The Approach Towards Universal Publishing

Denis Pelli (NYU professor of psychology and neuroscience) and Charles Bigelow (professor at RIT and graphic designer of, among other things, Wingdings) wrote in Seed Magazine about how the fraction of the world’s population who write and publish is increasing rapidly, with the endpoint of everyone being a publisher coming, suprisingly, in the next few years:

In our analysis, we considered an author’s text “published” if 100 or more people read it. (Reaching 100 people may seem inconsequential, but new-media messages are often re-broadcast by recipients, and then by their recipients, and so on. In this way, a message can “go viral,” reaching millions.) Extrapolation of the Twitter-author curve (the dashed line) predicts that every person will publish in 2013. That is the ceiling: 100 percent participation. Provided current growth continues, the prediction of imminence is robust. Increasing the stringency of the criterion for “publishing” from 100 to 1,000 readers would reduce new-media authorship tenfold, but merely delays the predicted 100 percent participation by a year under this model.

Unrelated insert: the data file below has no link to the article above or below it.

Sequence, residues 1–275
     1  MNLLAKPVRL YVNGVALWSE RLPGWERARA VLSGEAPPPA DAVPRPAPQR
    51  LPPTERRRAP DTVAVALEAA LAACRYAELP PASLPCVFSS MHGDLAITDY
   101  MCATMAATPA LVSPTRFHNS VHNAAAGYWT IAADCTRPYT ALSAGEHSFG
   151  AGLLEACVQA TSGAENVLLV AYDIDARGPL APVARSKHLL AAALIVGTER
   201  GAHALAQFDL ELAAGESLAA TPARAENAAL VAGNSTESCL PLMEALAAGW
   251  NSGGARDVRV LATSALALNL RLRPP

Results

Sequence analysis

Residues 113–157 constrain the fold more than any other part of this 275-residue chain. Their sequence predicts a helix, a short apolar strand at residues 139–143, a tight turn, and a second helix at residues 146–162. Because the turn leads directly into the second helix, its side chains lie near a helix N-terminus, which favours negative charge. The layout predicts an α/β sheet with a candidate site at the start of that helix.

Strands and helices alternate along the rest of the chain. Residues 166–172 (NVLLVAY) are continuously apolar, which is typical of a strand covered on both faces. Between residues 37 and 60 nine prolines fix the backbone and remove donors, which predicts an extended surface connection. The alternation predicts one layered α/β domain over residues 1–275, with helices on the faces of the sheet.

One Response to “The Approach Towards Universal Publishing”

  1. Josh Sunshine October 23, 2009 at 10:34 am Permalink

    Anyone who ever posts a message to facebook has published according to this definition. That’s a pretty stupid definition in my opinion. In addition, their prediction of 100% publishing seems a little outlandish considering that there is a non-trivial percentage of the population that can’t write at all. Including the very young (~7% of the US population is less than 5) and people suffering from severe cognitive disorders. I also think in 2013 there will still be a fairly large percentage of the elderly population who don’t use computers.